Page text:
Praise the Braise

So you're stuck with the wrong cut of meal, and it look about as tender as rawhide. How do you salvage it? Braise it, of course.

Portrait of Tammy Strobel
So you're stuck with the wrong cut of meal, and it look about as tender as rawhide. How do you salvage it? Braise it, of course.
Corbis/Click Photos
Corbis/Click Photos

Remember coming home from school to the smell of deep, fragrant meat slowly simmering in its sauce? As opposed to the now-popular methods of pan-frying or stewing, good ol’ braising has made a comeback to the kitchen in a stellar way, not just because of the incredible burst of flavour from the melt-in-your-mouth meats, but also the multiple health benefits of this method.

Bring on the Collagen

More collagen means healthier hair, skin and nails; and that is one of the many reasons why sautéing has fallen out of favour compared to braising (not just because the latter is that much more yums). The slow cooking process and moist heat break down the connective tissue within the meat, giving rise to naturally produced collagen. And, that’s not the only source of collagen – braising your meat means that the bone involved in the process slowly releases its inherent collagen, too. The end result? Tender, juicy meat that just falls off the bone, soaked in glorious, collagenrich gravy.

Baby Got Back

Even if you’re a noob in the kitchen, or simply want to take advantage of cheaper cuts of meat, there’s practically no kind of cut nor meat that braising can’t salvage. It may take a little more time than anticipated, but you’ll definitely be rewarded, especially if your ingredients include baby-back ribs. Slurp. Another great upside? Nothing gets burnt, and no carbon means that you’re at less risk of cancer. Hooray!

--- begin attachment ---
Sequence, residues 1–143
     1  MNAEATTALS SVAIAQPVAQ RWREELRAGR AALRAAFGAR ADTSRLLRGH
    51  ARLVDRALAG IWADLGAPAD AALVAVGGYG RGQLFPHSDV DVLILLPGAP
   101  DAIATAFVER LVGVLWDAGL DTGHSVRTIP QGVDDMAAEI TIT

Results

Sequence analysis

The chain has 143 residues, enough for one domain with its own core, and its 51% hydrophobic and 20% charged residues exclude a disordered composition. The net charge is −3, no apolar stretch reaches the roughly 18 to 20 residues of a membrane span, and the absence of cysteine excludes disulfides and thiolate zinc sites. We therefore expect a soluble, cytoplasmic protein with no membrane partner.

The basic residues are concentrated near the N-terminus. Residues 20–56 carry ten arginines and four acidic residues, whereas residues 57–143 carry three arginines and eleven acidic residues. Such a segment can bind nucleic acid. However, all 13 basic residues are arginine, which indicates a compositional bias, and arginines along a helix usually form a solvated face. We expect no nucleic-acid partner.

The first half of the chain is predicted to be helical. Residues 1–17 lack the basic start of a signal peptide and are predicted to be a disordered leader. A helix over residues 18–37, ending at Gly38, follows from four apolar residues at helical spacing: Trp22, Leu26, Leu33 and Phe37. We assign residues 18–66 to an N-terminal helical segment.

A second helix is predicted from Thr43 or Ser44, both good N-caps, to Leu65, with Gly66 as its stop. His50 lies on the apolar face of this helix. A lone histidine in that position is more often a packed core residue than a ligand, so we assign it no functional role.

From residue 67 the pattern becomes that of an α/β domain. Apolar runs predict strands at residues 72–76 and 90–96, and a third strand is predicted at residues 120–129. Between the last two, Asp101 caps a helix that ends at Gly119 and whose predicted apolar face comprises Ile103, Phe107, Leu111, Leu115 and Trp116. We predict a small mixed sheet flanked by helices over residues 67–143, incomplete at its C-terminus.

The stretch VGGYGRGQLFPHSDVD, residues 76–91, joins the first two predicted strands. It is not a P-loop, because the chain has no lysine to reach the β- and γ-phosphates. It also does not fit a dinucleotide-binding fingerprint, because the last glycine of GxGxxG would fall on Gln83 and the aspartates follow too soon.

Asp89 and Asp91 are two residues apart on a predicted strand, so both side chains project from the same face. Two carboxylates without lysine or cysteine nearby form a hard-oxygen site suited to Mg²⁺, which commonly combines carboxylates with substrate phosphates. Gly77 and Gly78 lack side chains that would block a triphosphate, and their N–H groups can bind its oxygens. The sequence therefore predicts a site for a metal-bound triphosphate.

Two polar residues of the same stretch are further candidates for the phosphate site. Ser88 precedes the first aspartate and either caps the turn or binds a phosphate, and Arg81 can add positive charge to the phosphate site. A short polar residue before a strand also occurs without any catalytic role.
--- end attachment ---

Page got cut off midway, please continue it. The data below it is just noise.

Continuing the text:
Hold the Fat

Now, there are many health benefits to be derived from braising, but all of them will be for naught if you follow the old-school route of tossing in leftover pieces of fat, butter and all that jazz. The new and improved way of braising makes use of herbs, spices and juicy tomatoes, carrots and cabbage to make the gravy extra thick and flavourful. If in doubt, look to olive oil to replace butter, and use the bones you would normally toss out, instead of random scraps of fat lying about.

Braise Buddies

Looking to plate up restaurant-worthy dishes? Kick your braised meats up a notch by pairing them with these delish ingredients.
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Wine is an excellent braising liquid, making for a rich,  decadent broth. It’s also packed with polyphenols!

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Not only do they add umami flavour to the dish, mushrooms are also an additional source of protein.

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Whole apples don’t just look amazing in the pot, they also add sweetness to bring out the flavour of dark meat.

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